New condo project, retail, restaurant planned for northern Tuscaloosa

When the developers pitched the idea for a Southern Living-themed hotel on the banks of the Black Warrior River, it seemed like a fun idea at the time.

Billed as a $ 60 million project comprising a 120-suite hotel, a new restaurant developed by Birmingham restaurateur Chris Hastings and Tuscaloosa’s first TopGolf location, among other amenities, the response to the December 2019 announcement was largely positive and enthusiastic.

Then the world changed.

“When COVID hit everyone just took a deep break and breathed,” said Robert Blevins, director of the BAT Tuscaloosa development entity, “and then we decided to pivot.”

This transition led Blevins and his development team, which includes Tuscaloosa-based TTL Inc. as engineers and Ellis Architects for the design, to unveil “The Bend,” a multi-purpose project comprising traditional condominiums and spaces for families. retail stores, banks, restaurants and offices.

"Turn," a new $ 90 million mixed-use project that includes condominiums, as seen here, retail and food service areas while incorporating the North Riverwalk is planned for a now wooded lot between Rice Mine Road Loop and Black Warrior River.

Overall, the estimated $ 90 million project is now expected to consist of seven separate buildings on nearly 13.5 acres with an overall expanse of 38 acres next to the Rice Mine Road Loop on the north bank of the river. Black Warrior.

“Every detail has been carefully analyzed to ensure The Bend improves Tuscaloosa,” said Mike Ellis, principal architect at Ellis Architects. “Professionals, empty nesters, families, retirees, alumni – all will find this community to be the perfect place, whether they are looking for a primary residence or a residence for the weekend and the holidays.

“The Bend will adapt to all needs. “

"Turn," a new $ 90 million mixed-use project that includes condominiums, retail space, as seen here, and food court while incorporating the North Riverwalk is planned for a now wooded lot between Rice Mine Road Loop and Black Warrior River.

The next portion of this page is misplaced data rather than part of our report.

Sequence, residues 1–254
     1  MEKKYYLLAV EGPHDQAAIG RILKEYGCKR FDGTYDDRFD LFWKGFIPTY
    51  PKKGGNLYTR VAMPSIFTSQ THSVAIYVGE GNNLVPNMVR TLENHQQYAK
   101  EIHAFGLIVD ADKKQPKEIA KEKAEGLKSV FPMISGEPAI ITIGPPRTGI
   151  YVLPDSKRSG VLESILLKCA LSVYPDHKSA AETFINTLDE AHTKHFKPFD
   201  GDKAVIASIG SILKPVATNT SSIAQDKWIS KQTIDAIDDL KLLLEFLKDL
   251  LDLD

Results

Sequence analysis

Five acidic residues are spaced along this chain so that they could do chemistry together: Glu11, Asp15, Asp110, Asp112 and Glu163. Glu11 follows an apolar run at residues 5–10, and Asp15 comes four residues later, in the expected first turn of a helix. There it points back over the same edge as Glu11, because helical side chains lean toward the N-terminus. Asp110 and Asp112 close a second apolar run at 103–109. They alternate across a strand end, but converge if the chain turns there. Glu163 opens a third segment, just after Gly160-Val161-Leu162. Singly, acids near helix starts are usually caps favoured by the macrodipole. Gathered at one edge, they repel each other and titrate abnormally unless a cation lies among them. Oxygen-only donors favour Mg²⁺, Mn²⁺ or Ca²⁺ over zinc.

It will also incorporate the first privately funded section of the Tuscaloosa Riverwalk, the city’s multi-phase recreational trail.

Due to the topographical challenges along this section of the river, building the waterfront trail will prove too expensive, according to project engineers.

Instead, this section of the Riverwalk will line the eastern and northern parts of the site and follow Rice Mine Loop and Rice Mine Road, much like parts of the Riverwalk bordering Jack Warner Parkway now on the south side of the river.

“We are very excited about this property,” said Blevins. “We kind of think there won’t be anything like that in the city.”

"Turn," a new $ 90 million mixed-use project that includes condominiums, retail, restaurants and offices, as seen here, while incorporating the North Riverwalk is planned for a now wooded lot between Rice Mine Road Loop and Black Warrior River.

While there are other mixed-use projects within the city limits, this is the first to combine high-end residential units – all 65 condos will sell for between $ 650,000 and over $ 2 million, according to government documents – next to a mix of shops, restaurants and offices.

Russ Taylor, director of BAT Tuscaloosa, said work is underway to identify commercial tenants, but construction approvals finalized by Tuscaloosa city council on Tuesday will help those efforts.

“What we are offering to the city, there is nothing like it in Tuscaloosa at the moment,” Taylor said.

Taylor said the company plans to launch development by the end of 2021 and have retail tenants in place by December 2022.

The 79 rooms contained in the 2 and 3-bedroom condos – which will not be marketed to students, officials said – could follow commercial spaces for around six months.

“These are definitely our goals,” said Blevins, “and one of the reasons we wanted to keep talented and local people involved.

“Now that it’s been approved, we’re taking care of it. “

This approval came at the request of City Councilor Norman Crow, who is in his first year representing this region of Tuscaloosa as part of District 3.

Crow said he particularly appreciates the developers’ willingness to incorporate the Riverwalk into their project and hopes it will serve as a catalyst for additional private investment nearby.

“This development is going to be really nice in the district,” Crow said. “It’s something that I really appreciate, the time you took to put together a really good project.

“It looks really good.”

Contact Jason Morton at [email protected].

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